We hope the Belfast Cycling Study Tour will form an important pillar in the bid to host Velo-city 2017, and that the new DRD Cycling Policy Unit will look at offering some of these daft features protected heritage status as they set about revolutionising cycling infrastructure in Northern Ireland. Sign up today, you’d be daft not to!


Thanks to @rosspmcgill and @chrismurphy201 for inspiring the Belfast Cycling Study Tour concept, and of course to @davidhembrow and @judyhembrow for their actual work to promote safer cycling infrastructure in the real world!

36 thoughts on “Belfast Cycling Study Tour

  1. Sounds brilliant, can’t wait to come over and see all those features. Oh wait, we have them all here in Manchester, shan’t bother. Very entertaining piece, thank you.

  2. Paddy Hillyard says:

    Fantastic tour! But one feature you failed to mention is the possibility of a shower. One of the best places is at the traffic lights at the entrance to Ormeau Park. DRD recently spent thousands on the drainage system there, but happily a large puddle still forms at the lights. Just wait there for a bus. They always oblige by driving close to the kerb. Be quick with the shampoo because you won’t have to wait too long for a rinse as they always come along in twos and threes.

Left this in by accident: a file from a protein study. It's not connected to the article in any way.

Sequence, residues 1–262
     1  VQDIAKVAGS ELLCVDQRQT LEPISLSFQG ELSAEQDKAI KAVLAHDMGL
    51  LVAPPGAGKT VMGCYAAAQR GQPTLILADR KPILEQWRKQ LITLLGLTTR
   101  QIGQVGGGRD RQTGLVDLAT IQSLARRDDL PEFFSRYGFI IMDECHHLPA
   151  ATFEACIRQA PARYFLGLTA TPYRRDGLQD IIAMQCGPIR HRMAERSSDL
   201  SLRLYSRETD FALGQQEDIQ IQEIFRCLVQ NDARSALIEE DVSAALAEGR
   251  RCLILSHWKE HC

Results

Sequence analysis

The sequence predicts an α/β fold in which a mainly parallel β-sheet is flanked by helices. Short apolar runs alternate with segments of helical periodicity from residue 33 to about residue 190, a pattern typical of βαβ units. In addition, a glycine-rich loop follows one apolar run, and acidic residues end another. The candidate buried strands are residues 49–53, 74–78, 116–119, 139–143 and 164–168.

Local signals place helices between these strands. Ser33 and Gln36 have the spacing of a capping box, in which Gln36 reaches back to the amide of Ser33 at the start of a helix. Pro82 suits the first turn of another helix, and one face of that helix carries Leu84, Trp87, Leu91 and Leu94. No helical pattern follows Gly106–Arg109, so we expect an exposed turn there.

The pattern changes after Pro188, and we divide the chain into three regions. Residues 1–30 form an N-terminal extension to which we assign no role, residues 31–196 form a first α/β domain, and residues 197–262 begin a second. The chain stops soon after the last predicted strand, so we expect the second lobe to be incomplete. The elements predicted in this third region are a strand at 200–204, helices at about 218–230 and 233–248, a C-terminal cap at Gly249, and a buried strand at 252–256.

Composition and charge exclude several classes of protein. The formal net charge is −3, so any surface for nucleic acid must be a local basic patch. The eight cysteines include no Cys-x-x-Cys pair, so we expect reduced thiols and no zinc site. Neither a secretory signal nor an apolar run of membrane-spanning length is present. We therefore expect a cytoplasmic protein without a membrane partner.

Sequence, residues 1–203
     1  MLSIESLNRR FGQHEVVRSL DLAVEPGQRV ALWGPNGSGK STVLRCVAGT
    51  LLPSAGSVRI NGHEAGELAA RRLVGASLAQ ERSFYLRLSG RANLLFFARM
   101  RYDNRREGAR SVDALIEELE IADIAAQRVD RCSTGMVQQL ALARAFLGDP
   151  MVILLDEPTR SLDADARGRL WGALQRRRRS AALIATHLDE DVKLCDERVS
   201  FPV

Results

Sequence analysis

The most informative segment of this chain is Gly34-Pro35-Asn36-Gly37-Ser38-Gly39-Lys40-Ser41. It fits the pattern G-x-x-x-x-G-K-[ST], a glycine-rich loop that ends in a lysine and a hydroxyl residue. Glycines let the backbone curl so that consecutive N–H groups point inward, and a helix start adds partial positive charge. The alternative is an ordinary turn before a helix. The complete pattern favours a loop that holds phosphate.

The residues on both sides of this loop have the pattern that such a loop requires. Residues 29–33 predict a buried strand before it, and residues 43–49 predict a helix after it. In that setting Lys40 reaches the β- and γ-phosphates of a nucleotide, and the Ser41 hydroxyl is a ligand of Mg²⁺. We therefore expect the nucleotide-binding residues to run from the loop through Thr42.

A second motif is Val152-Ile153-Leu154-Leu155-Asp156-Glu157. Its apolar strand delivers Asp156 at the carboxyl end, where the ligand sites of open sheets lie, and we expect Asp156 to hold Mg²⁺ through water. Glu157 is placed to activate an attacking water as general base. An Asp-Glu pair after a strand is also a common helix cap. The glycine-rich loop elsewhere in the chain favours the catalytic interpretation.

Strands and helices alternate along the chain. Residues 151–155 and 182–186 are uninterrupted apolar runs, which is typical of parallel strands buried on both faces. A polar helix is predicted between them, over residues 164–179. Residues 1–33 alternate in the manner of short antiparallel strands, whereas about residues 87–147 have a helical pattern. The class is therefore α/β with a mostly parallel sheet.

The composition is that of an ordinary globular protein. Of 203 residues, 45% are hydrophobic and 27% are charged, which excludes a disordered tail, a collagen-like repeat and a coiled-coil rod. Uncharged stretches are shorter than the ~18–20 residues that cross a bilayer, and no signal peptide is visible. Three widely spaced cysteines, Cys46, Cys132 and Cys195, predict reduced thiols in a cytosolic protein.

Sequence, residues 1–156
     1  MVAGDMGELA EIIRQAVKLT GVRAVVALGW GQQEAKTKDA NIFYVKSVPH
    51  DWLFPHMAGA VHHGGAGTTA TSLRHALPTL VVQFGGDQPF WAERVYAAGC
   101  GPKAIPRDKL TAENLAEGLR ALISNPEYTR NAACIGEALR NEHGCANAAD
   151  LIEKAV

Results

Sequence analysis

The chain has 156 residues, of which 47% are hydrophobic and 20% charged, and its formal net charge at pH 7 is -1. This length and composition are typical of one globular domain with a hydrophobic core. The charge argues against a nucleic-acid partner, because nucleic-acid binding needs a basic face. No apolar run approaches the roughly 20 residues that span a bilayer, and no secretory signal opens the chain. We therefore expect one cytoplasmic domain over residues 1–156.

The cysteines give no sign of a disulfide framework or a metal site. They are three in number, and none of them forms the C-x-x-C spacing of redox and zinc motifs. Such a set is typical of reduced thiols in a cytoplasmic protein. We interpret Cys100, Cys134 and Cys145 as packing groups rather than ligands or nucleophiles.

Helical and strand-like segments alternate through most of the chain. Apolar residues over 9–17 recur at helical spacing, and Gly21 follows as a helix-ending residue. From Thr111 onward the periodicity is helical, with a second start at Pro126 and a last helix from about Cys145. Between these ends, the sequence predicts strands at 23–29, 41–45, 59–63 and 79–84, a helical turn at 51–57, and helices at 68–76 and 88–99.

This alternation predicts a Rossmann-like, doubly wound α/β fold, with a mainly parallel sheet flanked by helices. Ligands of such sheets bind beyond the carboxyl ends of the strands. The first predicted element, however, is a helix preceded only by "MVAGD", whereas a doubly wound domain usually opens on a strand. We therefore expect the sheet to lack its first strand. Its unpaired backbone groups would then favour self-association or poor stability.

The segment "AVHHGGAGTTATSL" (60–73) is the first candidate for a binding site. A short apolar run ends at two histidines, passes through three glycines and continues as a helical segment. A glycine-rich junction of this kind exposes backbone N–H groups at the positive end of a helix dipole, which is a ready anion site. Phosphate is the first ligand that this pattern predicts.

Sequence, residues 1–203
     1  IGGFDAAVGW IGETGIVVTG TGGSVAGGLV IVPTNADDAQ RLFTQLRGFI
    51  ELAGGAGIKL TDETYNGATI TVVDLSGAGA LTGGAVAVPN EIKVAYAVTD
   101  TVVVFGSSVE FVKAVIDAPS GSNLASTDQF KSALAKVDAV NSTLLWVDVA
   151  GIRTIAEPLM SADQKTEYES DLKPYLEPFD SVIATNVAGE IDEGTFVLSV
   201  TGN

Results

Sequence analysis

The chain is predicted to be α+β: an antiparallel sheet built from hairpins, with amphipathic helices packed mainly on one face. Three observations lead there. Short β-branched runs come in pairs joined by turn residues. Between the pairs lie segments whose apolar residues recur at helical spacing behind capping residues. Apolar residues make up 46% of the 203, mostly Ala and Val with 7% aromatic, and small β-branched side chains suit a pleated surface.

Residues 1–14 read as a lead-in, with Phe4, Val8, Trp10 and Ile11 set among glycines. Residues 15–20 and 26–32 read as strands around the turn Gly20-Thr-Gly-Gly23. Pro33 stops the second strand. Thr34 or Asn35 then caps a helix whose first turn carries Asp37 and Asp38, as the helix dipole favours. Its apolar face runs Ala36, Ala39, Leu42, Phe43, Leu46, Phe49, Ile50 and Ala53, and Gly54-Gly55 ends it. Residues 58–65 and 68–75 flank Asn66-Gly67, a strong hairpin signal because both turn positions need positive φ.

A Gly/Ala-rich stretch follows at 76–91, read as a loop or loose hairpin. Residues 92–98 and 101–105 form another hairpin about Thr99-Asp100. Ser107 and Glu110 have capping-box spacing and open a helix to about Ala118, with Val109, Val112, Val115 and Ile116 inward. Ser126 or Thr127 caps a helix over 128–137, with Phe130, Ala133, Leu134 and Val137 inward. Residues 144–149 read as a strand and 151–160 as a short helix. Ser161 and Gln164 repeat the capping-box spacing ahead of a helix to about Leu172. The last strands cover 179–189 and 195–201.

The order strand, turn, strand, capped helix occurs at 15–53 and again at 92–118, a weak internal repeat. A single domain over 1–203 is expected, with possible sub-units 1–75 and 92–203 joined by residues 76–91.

3. Angela Wallace says:

    Brilliant! This is inspiring stuff. Can I just add that based on tonight’s commute we could also rename the gasworks path “dogshit alley” providing interesting slalom opportunities to add to the bone-shaking rumble strips.

  4. Ha class! Cyclesaurus is a very confusing junction to begin with, and there’s a “give way line ahead” parked on the cycle lane. Is the cycle lane part of the main road or not? Very confusing.

    BTW donegall road is an urban clearway 0800-0930, but a lot of times there’s cars parked there too…

  5. There’s also the stretch along the Lagan from Thanksgiving Square (Nuala with the Hula) to the Laganbank road past the Waterfront Hall, though I don’t think the Roads Service or the City Council manages this (it’s Lanyon Place Management Company or someone). It’s supposed to be a National Cycle path but is very hostile to cyclists and has recently become more hostile to pedestrians.